Again, these are measurable metrics that can be monitored through quantitative methods. For this to work, however, employees need to be able to give honest feedback that can be turned into actionable insights. Again, surveys are a useful tool. But they shouldn’t be relied on too much, as leaders cannot guarantee all responses are either truthful or fully representative of company-wide attitudes.
That’s why at Totem, we use an in-depth, scalable form of sentiment analysis. This involves using Natural Language Processing (NLP) tools to analyse the words employees use in surveys, emails and other workplace communication. This means managers can measure widespread attitudes towards work without having to sift through stacks of data.
Once leaders can map motivation metrics, they can begin implementing programs to address areas of concern. These can include recognition programs, financial reward programs, career pathing programs, and more – all based on feedback from employees. This makes employees feel heard while helping to refine organisational culture to better align with employee values and motivations.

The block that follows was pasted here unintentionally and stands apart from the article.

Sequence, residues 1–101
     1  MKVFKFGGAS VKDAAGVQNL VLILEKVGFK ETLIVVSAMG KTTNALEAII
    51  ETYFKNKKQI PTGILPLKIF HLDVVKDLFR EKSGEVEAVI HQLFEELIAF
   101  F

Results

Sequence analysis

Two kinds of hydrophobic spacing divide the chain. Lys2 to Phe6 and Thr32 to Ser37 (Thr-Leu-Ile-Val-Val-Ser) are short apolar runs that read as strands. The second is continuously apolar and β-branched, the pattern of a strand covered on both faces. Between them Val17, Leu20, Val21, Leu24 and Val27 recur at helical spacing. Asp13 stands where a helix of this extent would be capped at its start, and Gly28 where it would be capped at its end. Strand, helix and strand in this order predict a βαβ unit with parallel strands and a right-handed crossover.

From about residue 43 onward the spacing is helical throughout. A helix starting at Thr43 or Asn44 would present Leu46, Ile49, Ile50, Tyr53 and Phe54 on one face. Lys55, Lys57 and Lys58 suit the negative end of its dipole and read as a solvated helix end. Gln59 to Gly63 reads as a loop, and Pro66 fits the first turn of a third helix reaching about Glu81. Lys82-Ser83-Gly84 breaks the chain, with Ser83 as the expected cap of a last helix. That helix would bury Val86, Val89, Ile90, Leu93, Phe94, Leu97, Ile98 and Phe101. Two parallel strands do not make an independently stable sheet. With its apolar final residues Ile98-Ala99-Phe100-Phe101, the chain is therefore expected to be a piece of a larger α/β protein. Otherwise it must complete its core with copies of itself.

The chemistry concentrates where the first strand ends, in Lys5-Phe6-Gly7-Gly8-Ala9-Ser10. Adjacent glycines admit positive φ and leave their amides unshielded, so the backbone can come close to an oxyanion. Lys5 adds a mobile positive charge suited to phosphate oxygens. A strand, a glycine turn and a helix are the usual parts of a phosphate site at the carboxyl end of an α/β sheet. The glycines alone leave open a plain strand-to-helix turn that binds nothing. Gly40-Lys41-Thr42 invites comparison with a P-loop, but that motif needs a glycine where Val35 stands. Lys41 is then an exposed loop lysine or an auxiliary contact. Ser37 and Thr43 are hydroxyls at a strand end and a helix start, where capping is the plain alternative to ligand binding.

Employee performance and behaviour indicates how a member of staff fulfils their roles and duties, as well as their attitudes in the workplace. Evaluating performance is a key process for many organisations in deciding raises and rewards, amongst others. What is often left out is that employees do not perform in isolation – their performance must be evaluated in light of the impact of organisational culture. An employee who feels as though their organisation values them recognises their achievements, is respectful of their values, and creates opportunities for them to succeed is going to perform at their absolute best.